Renewed Tab intends to be highly customisable whilst having a good user experience. Taken to the extreme, these two things are in conflict; the more features you add, the harder it is to provide a good user experience. Renewed Tab can’t support every use case by itself - there’s so much you could want to support, and so little time. It would also make the download huge.
The solution to this is to allow custom user content. By making it easy for users and third-party developers to create their own widgets and functionality, it becomes possible to support a lot more without increasing complexity.
Renewed Tab allows you to create custom widgets using the IFrame widget. IFrames isolate third-party code and UIs, protecting the user’s privileged information such as bookmarks and recent sites. Most browser extension stores prohibit remote code, so using an IFrame is a requirement. This does impose some limits on what is possible in custom widgets - you are limited to your widgets, and can’t change the UI elsewhere.
Please note that this is still experimental and a bit manual. In the future, we plan to improve support for third-party widgets, making it easier for users to use them and allowing more integration with the built-in UI.
- Hello World widget
- Distributing the Widget
Hello World widget
Renewed Tab uses the React framework, but you’re free to use whatever framework you like. We will be using React in this tutorial. We recommend using Renewed Tab’s CSS as a basis, however, to keep a consistent theme.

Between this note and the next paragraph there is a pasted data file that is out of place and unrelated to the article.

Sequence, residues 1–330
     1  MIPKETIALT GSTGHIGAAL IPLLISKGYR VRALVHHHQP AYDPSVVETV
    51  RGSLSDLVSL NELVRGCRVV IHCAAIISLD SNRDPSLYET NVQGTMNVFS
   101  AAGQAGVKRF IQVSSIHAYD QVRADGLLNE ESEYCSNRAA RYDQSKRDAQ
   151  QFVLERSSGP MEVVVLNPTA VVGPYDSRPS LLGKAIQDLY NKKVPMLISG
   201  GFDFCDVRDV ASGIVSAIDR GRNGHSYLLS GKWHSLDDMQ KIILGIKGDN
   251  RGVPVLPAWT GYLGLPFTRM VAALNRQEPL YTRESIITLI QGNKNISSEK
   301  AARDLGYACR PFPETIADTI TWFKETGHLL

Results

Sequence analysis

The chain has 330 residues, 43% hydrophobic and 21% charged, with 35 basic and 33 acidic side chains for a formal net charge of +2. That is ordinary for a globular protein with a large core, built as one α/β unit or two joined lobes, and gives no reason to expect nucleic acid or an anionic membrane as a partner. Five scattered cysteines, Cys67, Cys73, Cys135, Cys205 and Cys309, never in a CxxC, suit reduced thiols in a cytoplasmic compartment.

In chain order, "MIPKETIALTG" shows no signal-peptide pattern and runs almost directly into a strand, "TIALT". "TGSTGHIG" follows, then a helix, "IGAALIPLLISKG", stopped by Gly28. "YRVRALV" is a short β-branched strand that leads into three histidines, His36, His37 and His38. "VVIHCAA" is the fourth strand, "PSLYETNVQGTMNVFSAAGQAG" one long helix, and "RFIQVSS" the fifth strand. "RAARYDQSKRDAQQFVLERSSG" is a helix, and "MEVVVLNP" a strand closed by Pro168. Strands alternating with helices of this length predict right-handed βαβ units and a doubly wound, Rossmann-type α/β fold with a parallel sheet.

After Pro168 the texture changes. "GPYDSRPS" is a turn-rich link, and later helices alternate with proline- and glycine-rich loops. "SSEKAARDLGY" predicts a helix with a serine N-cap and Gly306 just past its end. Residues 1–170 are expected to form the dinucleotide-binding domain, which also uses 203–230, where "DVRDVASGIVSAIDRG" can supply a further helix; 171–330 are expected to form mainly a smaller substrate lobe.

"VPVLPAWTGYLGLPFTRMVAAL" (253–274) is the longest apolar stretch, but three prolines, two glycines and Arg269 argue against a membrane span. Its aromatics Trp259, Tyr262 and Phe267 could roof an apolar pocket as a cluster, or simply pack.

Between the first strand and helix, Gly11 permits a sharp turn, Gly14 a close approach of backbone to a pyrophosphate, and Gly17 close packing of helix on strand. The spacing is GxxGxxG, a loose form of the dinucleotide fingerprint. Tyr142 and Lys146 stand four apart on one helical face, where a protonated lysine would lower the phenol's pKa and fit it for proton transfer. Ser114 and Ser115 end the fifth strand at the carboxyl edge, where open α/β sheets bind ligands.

Get the repository
Clone or download our React widget template:
git clone https://gitlab.com/renewedtab/custom_widget_template
npm install to install the dependencies.
Serving on localhost
Renewed Tab can’t access files on your computer. In order to add your custom widget to Renewed Tab, you’ll need to make it available using a server of some kind. The best way to do this locally for testing is using something called a live HTTP server. Our example template uses webpack-dev-server for this purpose.
npm start to build the app and start the live server at
http://localhost:8080. Once this is done, open it in your browser to check
that it works.
Adding to Renewed Tab
Now that you have a working live server, you can add your widget to your Renewed Tab install. If you don’t want to change your browser’s New Tab for this, you can use the online version.
Enter edit mode by clicking the pencil in the bottom right, click “+ Add Widget”, then click “IFrame”. Find the new IFrame, hover over it, and click the pencil to open the Edit IFrame model.
Set the URL to
http://localhost:8080. You’ll also probably also want to check
“Show panel background”.
Press OK, you should now see the widget. Try resizing and moving the widget, it should adapt to the available space.
Distributing the Widget
npm run build to build the widget. Share the
dist/ folder publicly to
distribute your widget. A good way to do this is using GitLab pages, as it
supports updating a static website using CI.
.gitlab-ci.yml of the template. It deploys the widget to
Whilst support for custom widgets is in its early days, it’s still possible to do a lot of cool things with it.
In the future, we’ll be adding an official plugins API which will make it super easy to add custom widgets to Renewed Tab. Users will be able to find plugins in the settings menu or add them by URL. Plugins will be able to add widgets to the “Add Widgets” menu.
Make sure to share any creations you make on Mastodon (tag @firstname.lastname@example.org), Discord, or Matrix. See Get Involved.